Parliament was recently made aware of the reality of thousands of students who were not given their certificates or that they are missing. On this, Minister of the department, Blade Nzimande said that he is ashamed that this problem was not solved during his term as Minister with backlogs going as far back as 1992.
In 2018, there was a backlog of between 250 000 and 300 000 certificates and this number has now been pushed closed to 0, says Manamela.
Buti Manamela, Deputy Minister of Higher Education has addressed the issue of students not having their certificates which prove that they have completed their studies. This certificate is essential when these graduates are job seeking and going to interviews.
An estimate of the total of graduates who lost employment opportunities due to not having their certificates could not exactly be given a number as Manamela says that they have no way of finding the number of graduates who applied and couldn’t get it.
He then continues to say that, “I think we need to dissect what the actual problem is. What we try and do is that there are students who try and write their examination and complete their qualification on time. Most of those students haven’t had the challenge of getting their certificates within ninety days upon completion”.
Manamela then points to those students who write exams during different periods and that all records need to be consolidated to have a proper application in place. According to the Deputy Minister, these students are some of those who have been having challenges as “you have to track records of four or five years, consolidate those into a qualification”. During this consolidation, he says the Department sometimes finds missing qualifications.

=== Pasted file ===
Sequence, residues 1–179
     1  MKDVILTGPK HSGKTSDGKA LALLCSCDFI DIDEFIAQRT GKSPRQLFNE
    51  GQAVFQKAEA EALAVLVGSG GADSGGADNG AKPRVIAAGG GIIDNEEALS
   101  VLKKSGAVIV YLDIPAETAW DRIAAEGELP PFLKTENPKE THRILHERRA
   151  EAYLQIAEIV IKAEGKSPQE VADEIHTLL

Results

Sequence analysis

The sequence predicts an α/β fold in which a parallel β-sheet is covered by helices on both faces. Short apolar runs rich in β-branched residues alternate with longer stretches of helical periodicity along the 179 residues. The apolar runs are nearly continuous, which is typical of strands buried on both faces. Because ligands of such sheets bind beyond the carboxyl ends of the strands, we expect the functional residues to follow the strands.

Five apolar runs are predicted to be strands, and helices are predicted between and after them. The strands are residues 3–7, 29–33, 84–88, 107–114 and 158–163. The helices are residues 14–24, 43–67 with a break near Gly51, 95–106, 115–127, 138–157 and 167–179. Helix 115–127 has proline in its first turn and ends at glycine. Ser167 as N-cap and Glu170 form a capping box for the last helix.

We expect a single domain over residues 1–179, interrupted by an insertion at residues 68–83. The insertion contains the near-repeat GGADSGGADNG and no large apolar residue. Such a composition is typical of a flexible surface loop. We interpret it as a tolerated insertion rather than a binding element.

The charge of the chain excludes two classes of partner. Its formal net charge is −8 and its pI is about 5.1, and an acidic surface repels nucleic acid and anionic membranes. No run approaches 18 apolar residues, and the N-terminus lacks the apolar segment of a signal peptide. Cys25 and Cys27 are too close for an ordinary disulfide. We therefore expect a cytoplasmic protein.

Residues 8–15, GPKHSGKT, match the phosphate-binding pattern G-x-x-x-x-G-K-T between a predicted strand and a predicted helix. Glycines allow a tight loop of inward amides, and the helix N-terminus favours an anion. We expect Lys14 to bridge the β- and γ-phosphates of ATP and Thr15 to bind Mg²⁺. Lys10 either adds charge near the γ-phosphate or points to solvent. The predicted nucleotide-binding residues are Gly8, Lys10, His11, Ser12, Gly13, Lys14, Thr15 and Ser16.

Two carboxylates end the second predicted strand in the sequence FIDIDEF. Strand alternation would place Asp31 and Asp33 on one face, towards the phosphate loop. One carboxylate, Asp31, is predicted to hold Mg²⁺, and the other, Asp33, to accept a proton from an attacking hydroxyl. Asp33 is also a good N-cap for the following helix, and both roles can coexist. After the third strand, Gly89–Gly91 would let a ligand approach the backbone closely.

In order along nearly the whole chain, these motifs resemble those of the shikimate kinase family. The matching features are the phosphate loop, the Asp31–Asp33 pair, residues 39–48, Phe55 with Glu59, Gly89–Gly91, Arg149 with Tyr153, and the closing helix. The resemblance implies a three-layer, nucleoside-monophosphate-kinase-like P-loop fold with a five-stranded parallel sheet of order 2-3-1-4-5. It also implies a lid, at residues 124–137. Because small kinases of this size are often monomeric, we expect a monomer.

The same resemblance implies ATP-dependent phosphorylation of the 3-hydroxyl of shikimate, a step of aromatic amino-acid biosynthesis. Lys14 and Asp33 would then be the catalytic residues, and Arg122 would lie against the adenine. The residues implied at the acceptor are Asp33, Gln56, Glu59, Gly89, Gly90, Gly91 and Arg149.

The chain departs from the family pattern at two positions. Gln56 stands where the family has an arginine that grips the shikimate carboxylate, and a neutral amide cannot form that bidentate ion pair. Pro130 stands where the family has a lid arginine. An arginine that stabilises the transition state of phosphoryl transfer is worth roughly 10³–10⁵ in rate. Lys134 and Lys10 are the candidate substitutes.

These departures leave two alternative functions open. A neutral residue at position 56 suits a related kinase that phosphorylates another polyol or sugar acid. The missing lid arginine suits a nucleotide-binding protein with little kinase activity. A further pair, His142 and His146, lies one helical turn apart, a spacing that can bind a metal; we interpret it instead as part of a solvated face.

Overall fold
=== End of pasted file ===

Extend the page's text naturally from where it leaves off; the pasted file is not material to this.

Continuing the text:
The Deputy Minister acknowledged that there are students who are frustrated because they have no access to their certificates but in order for the Department to help them, they need to submit requisite documents.
Students are therefore encouraged to go to the College where they wrote their exams and to present all their information from the day their qualification started to their latest educational history and then apply for a National Certificate from there. Should students meet the requirements to join the programme, the Department will then be able to submit the certificate within ninety days.
When asked why they are not able to keep record, Manamela responded:
The examination process in TVET Colleges are completely different than those of Universities or schools. Grade 12 learners write only one examination nationally. TVETs write close to 12 examinations on a yearly basis so firstly that means that we have a lot of data we have to deal with and consolidate. Secondly, the process starts from the College, gets to the Department and also involves the state information technology agency which is the service provider for the Department in terms of disbursing the certificate. It also involves the qualifications authority … it becomes kind of difficult to track the kind of work some students have done.
The Deputy Minister also said there were previous incidents where students misrepresented facts and find a way of writing all of their examinations without having completed the lower levels and these students then will not have the requirements to receive a certificate.
The South African Students Congress recently embarked on nationwide protests and declared a ‘National Day of Action’ to have TVET College issues taken more seriously. One of the issues the students marched for was for the Department to release students’ certificates.
Mail & Guardian released an editorial which would sum up the crises seen in the TVET sector and it boldly stated:
Before Nzimande or anyone in government thinks of telling young people to “choose” TVET colleges again, they need to fix this sector and make it attractive enough for prospective students to actually consider it.
The more you understand yourself, the more silence there is, the healthier you are. —Maxime Lagacé